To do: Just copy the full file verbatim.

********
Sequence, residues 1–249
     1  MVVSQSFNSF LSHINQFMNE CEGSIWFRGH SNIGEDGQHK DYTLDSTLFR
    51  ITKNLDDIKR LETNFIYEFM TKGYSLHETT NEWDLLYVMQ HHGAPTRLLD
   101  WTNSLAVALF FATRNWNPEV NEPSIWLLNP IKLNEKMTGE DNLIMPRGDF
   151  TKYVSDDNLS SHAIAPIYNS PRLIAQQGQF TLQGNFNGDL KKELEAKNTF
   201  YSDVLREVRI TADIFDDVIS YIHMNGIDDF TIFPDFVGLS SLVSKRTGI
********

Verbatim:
Sequence, residues 1–249
     1  MVVSQSFNSF LSHINQFMNE CEGSIWFRGH SNIGEDGQHK DYTLDSTLFR
    51  ITKNLDDIKR LETNFIYEFM TKGYSLHETT NEWDLLYVMQ HHGAPTRLLD
   101  WTNSLAVALF FATRNWNPEV NEPSIWLLNP IKLNEKMTGE DNLIMPRGDF
   151  TKYVSDDNLS SHAIAPIYNS PRLIAQQGQF TLQGNFNGDL KKELEAKNTF
   201  YSDVLREVRI TADIFDDVIS YIHMNGIDDF TIFPDFVGLS SLVSKRTGI